For What Its Worth

CPP Master Cylinder Installation

There was a dual "corvette" style master cylinder on the car.  Combined with a stock style proportioning valve.   It worked, but not quite what I wanted.  Also the plumbing for the stock style proportioning valve took more room in the engine compartment.   I wanted something a little better. (I have big hands and need all the room I can get)  The car has front disc brakes and rear drums.

I used a CPP MCVP-1 master cylinder.  It takes up a lot less room and has rear pressure adjustments built in. 

I bench bled the master cylinder in the car.  After bolting it in, I hooked up 2 hard brake lines that are a C shape.  They go back into the bowl about 2/3 of the way.  The ends are submerged in the brake fluid.  That way they don't pull air back in when the pedal comes up. They have to be bent to get them into the bowls and bent back out when done.  Bend the ends back up before you unbolt them.   Some use rubber lines, but I like the hard lines.  No bumping them loose or knocking them out of the bowls. 

Brake bleeding lines/tools.

I had my wife help with the brake pedal and it took about 10 minutes to get all the air out.  Combination of full, slow pedal moves and quick, short little pumping.  The internal valving takes more care than normal to get all the air out.  CPP recommends a curve tip syringe to aid in getting the air out.  See installation instructions on the MCVP-1.

Another advantage of the MCVP-1 is it uses 3/16 line connections front and rear that exit under the master cylinder.  No searching for all the special fitting sizes to make it work.   The brake lines in the car are a lot cleaner with 1 or 2 bends less than normal.


I replaced 5 feet of the rear line since I wanted to re-route it.  I used a hand vacuum bleeder to get the air out of the lines at the wheels.  When I asked CPP they said a residual valve for the rear brakes wasn't needed if the master cylinder was higher than the rear brakes.  I still have one in line for the rear drum brakes.  If there are any problems I will update.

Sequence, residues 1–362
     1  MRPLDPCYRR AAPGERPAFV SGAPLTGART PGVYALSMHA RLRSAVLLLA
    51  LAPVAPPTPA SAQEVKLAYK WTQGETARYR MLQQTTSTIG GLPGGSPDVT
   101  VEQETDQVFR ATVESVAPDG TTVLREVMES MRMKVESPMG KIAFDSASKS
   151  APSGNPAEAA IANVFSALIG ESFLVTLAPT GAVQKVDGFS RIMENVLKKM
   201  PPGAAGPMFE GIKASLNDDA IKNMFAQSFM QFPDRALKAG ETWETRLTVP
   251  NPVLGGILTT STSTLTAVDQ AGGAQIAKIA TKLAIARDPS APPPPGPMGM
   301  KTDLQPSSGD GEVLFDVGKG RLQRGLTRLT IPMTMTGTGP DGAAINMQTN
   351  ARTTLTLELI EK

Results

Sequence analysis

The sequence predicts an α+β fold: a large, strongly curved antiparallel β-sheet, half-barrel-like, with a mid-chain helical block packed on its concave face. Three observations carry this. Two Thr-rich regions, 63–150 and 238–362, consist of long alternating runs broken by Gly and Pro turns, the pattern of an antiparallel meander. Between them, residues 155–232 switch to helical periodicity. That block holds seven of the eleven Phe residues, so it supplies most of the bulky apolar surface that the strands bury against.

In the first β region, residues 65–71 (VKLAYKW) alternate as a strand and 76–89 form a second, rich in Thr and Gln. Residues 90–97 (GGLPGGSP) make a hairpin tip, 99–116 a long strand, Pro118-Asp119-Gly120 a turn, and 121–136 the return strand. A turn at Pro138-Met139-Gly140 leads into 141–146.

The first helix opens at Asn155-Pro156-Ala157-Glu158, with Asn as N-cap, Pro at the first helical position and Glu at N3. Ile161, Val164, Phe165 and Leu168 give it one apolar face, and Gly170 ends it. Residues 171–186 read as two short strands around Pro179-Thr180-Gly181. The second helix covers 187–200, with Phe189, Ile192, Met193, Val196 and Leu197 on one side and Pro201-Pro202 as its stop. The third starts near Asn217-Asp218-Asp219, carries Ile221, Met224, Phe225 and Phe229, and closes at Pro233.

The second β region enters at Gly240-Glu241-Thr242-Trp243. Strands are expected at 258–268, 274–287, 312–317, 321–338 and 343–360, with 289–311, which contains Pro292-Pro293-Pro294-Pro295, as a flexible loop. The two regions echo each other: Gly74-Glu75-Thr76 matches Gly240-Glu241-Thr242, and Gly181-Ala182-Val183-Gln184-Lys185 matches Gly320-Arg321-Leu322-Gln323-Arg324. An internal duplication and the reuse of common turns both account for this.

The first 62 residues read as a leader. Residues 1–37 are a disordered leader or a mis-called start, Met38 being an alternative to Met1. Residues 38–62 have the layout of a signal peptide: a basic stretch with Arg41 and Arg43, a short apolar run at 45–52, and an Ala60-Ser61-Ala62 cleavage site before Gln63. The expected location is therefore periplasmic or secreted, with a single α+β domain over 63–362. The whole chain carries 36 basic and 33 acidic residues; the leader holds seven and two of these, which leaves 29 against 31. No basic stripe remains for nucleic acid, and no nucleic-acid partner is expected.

Once bleeding was done, the pedal was perfect. 

Instructions for adjusting the car braking come with the master cylinder.  In my case the rear pressure adjustment ended up cranked down about 1 1/4 of the 1 3/4 total adjustment of the CLW travel on the 1/8th allen screw adjuster.  Only about 1/2 turn of the CLW travel left.  1/2-1/2 is 0, I didn't need to adjust the big screw. Read the instructions that came with the Master Cyl and you may understand the last 3 sentences.  The pressure needed to lock up the rear depends on the brake size, type of brakes, slave cylinder size and the tires.  

The stock style proportioning valves aren't adjustable so this is a big advantage if I change, tire size etc.  All that is needed after a change is to redo the adjustment.

The car stops better than it did before.  It is a much cleaner look in the engine bay.  Also more room without the old proportioning valve and related lines.  An advantage in the engine bay when there is a V8 in there.

Stock style master cylinder when there was power brakes needed a bump in the fender on a 1967 Chevy II.  1967 was the first year of the dual master cylinder.   The CPP master cylinder was short enough I didn't need a bump.  Also I don't need the factory clearance for assembly.

67 Power Brake Inner Fender bump.

Happy Motoring, VHubbard. Last Update Dec 2020.

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